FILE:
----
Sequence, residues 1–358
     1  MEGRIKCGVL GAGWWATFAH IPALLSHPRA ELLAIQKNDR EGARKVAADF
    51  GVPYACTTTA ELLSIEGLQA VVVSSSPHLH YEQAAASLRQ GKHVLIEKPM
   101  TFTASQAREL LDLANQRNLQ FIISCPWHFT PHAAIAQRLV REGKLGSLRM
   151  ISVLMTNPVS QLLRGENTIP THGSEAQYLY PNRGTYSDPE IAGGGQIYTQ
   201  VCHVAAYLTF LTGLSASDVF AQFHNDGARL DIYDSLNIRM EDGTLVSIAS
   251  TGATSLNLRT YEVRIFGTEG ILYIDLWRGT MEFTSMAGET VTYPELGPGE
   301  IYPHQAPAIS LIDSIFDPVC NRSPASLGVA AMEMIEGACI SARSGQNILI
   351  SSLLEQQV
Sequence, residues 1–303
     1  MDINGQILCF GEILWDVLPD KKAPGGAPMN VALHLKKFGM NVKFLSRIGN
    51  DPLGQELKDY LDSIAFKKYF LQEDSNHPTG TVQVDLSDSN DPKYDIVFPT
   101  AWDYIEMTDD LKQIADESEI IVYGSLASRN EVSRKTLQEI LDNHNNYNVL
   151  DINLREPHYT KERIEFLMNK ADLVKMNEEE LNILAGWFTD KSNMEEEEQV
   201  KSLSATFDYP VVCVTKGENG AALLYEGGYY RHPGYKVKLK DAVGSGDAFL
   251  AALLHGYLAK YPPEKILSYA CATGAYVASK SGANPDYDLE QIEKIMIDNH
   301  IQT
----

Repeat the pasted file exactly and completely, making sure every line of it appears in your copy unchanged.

Sequence, residues 1–358
     1  MEGRIKCGVL GAGWWATFAH IPALLSHPRA ELLAIQKNDR EGARKVAADF
    51  GVPYACTTTA ELLSIEGLQA VVVSSSPHLH YEQAAASLRQ GKHVLIEKPM
   101  TFTASQAREL LDLANQRNLQ FIISCPWHFT PHAAIAQRLV REGKLGSLRM
   151  ISVLMTNPVS QLLRGENTIP THGSEAQYLY PNRGTYSDPE IAGGGQIYTQ
   201  VCHVAAYLTF LTGLSASDVF AQFHNDGARL DIYDSLNIRM EDGTLVSIAS
   251  TGATSLNLRT YEVRIFGTEG ILYIDLWRGT MEFTSMAGET VTYPELGPGE
   301  IYPHQAPAIS LIDSIFDPVC NRSPASLGVA AMEMIEGACI SARSGQNILI
   351  SSLLEQQV
Sequence, residues 1–303
     1  MDINGQILCF GEILWDVLPD KKAPGGAPMN VALHLKKFGM NVKFLSRIGN
    51  DPLGQELKDY LDSIAFKKYF LQEDSNHPTG TVQVDLSDSN DPKYDIVFPT
   101  AWDYIEMTDD LKQIADESEI IVYGSLASRN EVSRKTLQEI LDNHNNYNVL
   151  DINLREPHYT KERIEFLMNK ADLVKMNEEE LNILAGWFTD KSNMEEEEQV
   201  KSLSATFDYP VVCVTKGENG AALLYEGGYY RHPGYKVKLK DAVGSGDAFL
   251  AALLHGYLAK YPPEKILSYA CATGAYVASK SGANPDYDLE QIEKIMIDNH
   301  IQT